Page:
not… at all

The philosopher argued that babies begin life with no moral beliefs at all.

When a sentence already has the negative (not at all, nothing at all), the expression at all is only for emphasis.

none at all

A few families at the emergency shelter brought some belongings, but many families arrived with none at all.

Here, at all is used for emphasis after a negative word. It is often unnecessary to emphasize something that is an absolute, like empty or non-existent.

if at all possible

He will try to come to the meeting if at all possible.


The verb try shows the reader that the event might not happen. Deleting if at all possible can make your argument stronger and more direct.

if possible

Patients with MDR-TB should be isolated in negative-pressure rooms, if possible.

The modal verb should already shows this is a suggestion (i.e., something possible).

to the extent that something existed (at all)

The political transition plans were also rudimentary, to the extent that they existed at all.

The expression to the extent that something existed at all uses a lot of words to say that something barely existed. Strong word choice in the sentence can share this same information more concisely. In this example, rudimentary shows the plans were not developed well enough.

something offered, presented, set forth, submitted, mentioned

The purpose of this class notice is to give class members enough information to decide whether they should accept the benefits offered.

These passive participles are often redundant at the end of a sentence. The defining articles, prior adjectives, verbs, and main nouns almost always give the information necessary.


Cut the Cluttered Conclusions

The table above reveals just how many expressions and permutations can be deleted from your writing. Let WordRake do the legwork of cutting these expressions. Our team of linguists and grammar experts have spent the hours necessary to detail the changes the software should make. That way, you need only click and sit back as WordRake cleans up your writing. Sign up for your free trial today at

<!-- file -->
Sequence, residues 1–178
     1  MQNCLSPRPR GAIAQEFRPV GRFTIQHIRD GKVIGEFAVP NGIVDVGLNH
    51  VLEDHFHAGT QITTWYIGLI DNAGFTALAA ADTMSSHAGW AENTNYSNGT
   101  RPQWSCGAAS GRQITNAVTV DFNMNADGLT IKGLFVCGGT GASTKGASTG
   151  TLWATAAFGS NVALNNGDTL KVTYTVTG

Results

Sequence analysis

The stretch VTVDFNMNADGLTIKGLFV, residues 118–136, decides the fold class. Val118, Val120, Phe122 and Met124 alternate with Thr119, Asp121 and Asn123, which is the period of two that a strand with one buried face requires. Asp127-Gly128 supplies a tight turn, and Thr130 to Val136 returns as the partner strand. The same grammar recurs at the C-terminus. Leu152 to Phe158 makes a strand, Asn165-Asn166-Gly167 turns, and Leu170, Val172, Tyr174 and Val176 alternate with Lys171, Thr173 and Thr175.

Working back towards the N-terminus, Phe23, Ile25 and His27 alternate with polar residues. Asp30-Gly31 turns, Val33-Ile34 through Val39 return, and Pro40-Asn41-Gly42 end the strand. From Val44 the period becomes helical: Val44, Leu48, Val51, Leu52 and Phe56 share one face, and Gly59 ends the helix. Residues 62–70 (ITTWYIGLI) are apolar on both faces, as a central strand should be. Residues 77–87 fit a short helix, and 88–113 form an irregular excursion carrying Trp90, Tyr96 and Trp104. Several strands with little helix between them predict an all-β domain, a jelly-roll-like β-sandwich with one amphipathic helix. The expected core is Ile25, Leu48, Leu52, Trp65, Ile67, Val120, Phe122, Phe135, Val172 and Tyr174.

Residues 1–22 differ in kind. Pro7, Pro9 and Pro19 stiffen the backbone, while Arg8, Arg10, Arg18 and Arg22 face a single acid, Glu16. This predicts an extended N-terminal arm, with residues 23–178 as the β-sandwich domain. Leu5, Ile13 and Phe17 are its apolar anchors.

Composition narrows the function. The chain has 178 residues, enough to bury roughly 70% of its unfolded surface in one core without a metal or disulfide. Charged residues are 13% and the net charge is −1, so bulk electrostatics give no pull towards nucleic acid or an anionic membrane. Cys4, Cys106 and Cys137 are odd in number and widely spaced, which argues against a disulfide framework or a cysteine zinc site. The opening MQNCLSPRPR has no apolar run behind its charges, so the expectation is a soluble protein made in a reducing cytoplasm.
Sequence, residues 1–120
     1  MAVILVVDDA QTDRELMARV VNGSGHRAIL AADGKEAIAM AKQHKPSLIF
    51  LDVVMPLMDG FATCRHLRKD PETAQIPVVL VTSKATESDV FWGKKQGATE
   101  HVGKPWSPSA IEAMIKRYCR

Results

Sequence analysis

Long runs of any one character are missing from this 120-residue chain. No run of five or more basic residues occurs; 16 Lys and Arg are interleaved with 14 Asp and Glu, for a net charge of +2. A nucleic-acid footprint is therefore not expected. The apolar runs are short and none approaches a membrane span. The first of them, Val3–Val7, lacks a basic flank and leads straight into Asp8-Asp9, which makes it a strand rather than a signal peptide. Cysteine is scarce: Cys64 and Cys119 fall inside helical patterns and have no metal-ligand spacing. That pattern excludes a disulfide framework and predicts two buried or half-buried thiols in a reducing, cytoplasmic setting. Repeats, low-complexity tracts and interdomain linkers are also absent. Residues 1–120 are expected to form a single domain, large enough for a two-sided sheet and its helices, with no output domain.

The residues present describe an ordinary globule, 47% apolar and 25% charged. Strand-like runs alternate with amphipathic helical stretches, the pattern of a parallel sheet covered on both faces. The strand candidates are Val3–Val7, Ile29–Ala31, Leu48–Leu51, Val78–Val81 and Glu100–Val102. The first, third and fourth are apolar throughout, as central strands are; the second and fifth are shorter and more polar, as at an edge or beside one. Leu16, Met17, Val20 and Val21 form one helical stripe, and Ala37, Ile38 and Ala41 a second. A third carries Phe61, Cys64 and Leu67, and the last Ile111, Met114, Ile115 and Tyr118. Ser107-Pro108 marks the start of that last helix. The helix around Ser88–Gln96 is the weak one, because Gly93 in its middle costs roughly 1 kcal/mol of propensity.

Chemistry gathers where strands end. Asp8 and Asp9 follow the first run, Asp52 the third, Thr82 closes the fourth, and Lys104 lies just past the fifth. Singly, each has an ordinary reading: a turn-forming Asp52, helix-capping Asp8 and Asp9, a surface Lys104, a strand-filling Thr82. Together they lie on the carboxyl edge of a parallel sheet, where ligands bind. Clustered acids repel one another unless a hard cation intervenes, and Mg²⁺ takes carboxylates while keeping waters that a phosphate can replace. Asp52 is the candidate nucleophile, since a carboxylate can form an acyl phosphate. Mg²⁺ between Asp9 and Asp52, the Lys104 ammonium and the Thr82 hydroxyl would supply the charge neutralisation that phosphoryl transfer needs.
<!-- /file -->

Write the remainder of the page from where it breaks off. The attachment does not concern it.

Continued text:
If you’d like to learn more, check out our eBook where WordRake founder and New York Times bestselling author Gary Kinder discusses these weak endings in 8 Secrets to Writing Clearly & Concisely.

About the Authors

Ivy B. Grey is the Chief Strategy & Growth Officer for WordRake. Before joining the team, she practiced bankruptcy law for ten years. In 2020, Ivy was recognized as an Influential Woman in Legal Tech by ILTA. She has also been recognized as a Fastcase 50 Honoree and included in the Women of Legal Tech list by the ABA Legal Technology Resource Center. Follow Ivy on Twitter @IvyBGrey or connect with her on LinkedIn.

Danielle Cosimo is a Language Usage Analyst for WordRake. Before joining the team, she was a translator and editor for non-native English speakers applying to degree programs in the United States and the UK. Danielle is formally trained in linguistics and has a certificate in computer programming. She is fluent in English, Portuguese, and Spanish. She applies her interdisciplinary knowledge to create WordRake’s editing algorithms.

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Our Story

WordRake founder Gary Kinder has taught over 1,000 writing programs for AMLAW 100 firms, Fortune 500 companies, and government agencies. He’s also a New York Times bestselling author. As a writing expert and coach, Gary was inspired to create WordRake when he noticed a pattern in writing errors that he thought he could address with technology.

In 2012, Gary and his team of engineers created WordRake editing software to help writers produce clear, concise, and effective prose. It runs in Microsoft Word and Outlook, and its suggested changes appear in the familiar track-changes style. It saves time and gives confidence. Writing and editing has never been easier.